Our HR organization has specialists instead of generalist.  I was recently promoted to Employee Relations Manager.  The company is working on developing metrics and I was asked to come up with three to five.  Employee Relations is also responsible for the Affirmative Action Plan, Diversity Plan, and Diversity Council. 

I have some basic metrics like how many cases we handle, how many corrective actions are issued, and then breaking things into types of issues.  I do not have anything on the Diversity side. 

I am looking for any suggestions on metrics for the Diversity piece and other Employee Relations metrics.  I am also curious if there are any Benchmarks for Employee Relations.  I know the goals for Diversity.

Any ideas would be appreciated.



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  • Pam, thank you for your great question and for breaking the ice in our brand new Strategic HR forum! 

    Just thinking out loud a bit, here are a few ideas that may either work as suggested or may give you some similar/adjacent ideas for comparable measurements.

    First, we can consider whether we want to focus on quantitative metrics (these are our pure-numbers metrics that measure things like headcount, percentages, ratios, etc), whether we want to look at qualitative metrics (these are our quality based metrics that may rely on surveys of employees, managers, customers, clients, etc.), or both.

    For diversity metrics, the most basic quantitative metrics may simply look at the number and/or percentage of individuals who have identified (or who we have reasonably identified) as members of a diversity demographic (age, gender, persons with disabilities, veterans, or any other minority group we're hoping to better represent in the organization).

    We can then take these metrics to the next level by looking at some of our other strategic metrics for the organization as a whole -- then seeing how those metrics compare and contrast to our diversity demographics. For example, say we have measured turnover and retention for the organization as a whole. We may also want to look at turnover and retention for our diversity demographics, then compare the two. Are members of our diversity demographics leaving the organization at a higher rate? Are they leaving after fewer years? If we find we have higher turnover rates among individuals with disabilities, does this signal a problem with accommodations? Have diversity programs and initiatives reduced turnover among these demographics from one year to the next?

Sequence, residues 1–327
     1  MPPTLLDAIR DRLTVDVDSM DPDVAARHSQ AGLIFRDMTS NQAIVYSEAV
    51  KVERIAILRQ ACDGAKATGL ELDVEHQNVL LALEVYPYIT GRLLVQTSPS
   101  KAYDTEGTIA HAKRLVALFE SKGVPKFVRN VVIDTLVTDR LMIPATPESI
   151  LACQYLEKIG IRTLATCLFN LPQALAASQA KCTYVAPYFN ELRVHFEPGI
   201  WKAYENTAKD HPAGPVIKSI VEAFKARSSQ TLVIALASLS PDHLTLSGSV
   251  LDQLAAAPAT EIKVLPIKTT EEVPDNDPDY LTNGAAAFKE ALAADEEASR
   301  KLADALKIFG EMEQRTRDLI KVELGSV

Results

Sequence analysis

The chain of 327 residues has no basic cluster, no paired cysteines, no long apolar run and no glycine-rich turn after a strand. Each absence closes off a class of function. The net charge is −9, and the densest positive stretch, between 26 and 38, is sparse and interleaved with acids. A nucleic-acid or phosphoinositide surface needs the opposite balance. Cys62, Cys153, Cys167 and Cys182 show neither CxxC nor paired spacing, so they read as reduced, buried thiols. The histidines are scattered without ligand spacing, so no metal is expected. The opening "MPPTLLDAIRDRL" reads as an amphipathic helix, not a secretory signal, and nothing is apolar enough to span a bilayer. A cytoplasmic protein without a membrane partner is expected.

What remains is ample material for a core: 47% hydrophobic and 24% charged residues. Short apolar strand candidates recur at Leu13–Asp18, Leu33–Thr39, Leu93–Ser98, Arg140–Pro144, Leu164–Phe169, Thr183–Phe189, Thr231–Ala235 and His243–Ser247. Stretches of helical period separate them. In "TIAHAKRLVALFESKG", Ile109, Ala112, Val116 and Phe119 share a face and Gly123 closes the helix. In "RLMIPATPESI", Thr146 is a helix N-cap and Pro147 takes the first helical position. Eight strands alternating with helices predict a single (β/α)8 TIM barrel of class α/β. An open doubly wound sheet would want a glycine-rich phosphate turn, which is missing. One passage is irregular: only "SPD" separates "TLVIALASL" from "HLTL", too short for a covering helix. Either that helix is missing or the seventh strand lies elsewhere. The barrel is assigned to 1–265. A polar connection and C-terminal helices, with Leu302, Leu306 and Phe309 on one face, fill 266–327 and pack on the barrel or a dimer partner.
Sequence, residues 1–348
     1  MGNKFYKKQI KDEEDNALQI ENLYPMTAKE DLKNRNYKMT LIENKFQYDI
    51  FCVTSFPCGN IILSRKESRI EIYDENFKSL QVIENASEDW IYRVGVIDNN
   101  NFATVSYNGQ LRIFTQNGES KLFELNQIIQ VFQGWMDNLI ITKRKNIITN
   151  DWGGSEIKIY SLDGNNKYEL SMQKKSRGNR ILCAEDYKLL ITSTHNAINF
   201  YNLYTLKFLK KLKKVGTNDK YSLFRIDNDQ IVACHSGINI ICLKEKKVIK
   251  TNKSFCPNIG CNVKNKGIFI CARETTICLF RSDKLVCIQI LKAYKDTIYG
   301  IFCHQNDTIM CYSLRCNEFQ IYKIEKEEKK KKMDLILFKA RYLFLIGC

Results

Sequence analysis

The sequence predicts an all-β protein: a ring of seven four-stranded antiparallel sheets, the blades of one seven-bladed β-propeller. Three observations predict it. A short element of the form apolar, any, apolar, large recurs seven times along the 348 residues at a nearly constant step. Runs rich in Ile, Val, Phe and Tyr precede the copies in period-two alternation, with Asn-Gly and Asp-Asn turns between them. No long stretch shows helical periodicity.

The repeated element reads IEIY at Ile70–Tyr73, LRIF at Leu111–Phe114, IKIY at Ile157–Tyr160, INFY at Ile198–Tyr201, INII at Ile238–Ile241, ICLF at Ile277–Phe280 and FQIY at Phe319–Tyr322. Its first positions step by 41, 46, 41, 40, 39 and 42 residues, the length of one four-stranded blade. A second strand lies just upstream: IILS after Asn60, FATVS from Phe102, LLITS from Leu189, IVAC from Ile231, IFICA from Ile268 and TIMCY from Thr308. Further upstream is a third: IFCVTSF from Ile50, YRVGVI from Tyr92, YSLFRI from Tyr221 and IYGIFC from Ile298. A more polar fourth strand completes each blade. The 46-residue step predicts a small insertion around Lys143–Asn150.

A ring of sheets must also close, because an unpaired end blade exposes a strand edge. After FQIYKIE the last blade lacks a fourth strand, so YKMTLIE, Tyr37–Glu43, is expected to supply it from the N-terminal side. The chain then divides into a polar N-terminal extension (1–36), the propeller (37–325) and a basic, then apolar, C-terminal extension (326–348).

Another way to approach diversity metrics is to look at them based on various levels in the organization. For example, how is diversity among our executive team? Among management? Among new hires? Among applicants? Are some departments, locations, and roles more diverse than others? You may also consider how well diversity populations fare in the application/hiring process or after performance improvement initiatives.

    For qualitative metrics, we may measure the effectiveness of our various diversity programs and initiatives (or the need for additional programs, training, etc.) This may involve surveying all employees, all new hires, all employees during exit interviews, all managerial staff, etc. -- or it may involve surveying outside sources such as clients and customers. 

    For employee relations metrics, you may find something useful among the following ideas:

    • Quantitative measurements such as turnover, retention, average tenure, turnover among new hires. These may be useful alone or you may wish to look at them as a function of the other metrics you have, such as "turnover after a corrective action has been taken."
    • Qualitative measurements of employee satisfaction, employee satisfaction with immediate supervisors, employee satisfaction with executive leadership, managerial satisfaction with executive leadership, managerial satisfaction with HR, employee satisfaction with HR, satisfaction with employee relations, etc.
    • Measurements of the availability of HR resources to the workforce as a whole -- for example, HR dollars spent per employee, revenue returned per HR dollar spent, average length of vacancy of open positions, average time to resolve complaints/investigations, average dollar cost of each corrective action, etc.
    • Qualitative measurements of organizational communication -- communication from HR, from executives, between departments, between peers, etc.
    • Average performance review score.
    • Efficacy of performance improvement plans (number of employees who have performance management improvement within one year of a plan, number of employees who leave the organization after an improvement plan, etc.) 
    • Efficacy of corrective actions for preventing recurrence of issues.
    Again, these are just a few suggestions, but perhaps something here will either be useful or will give you some additional ideas!

    Finally, I also found an on-demand webinar on HRLaws that you may find helpful: Maturing Your Diversity & Inclusion Metrics: Measure What Matters.
  • Holly -

    Thank you very much.  This is a great jumping off point.  I appreciate the information provided and will look at the webinar.


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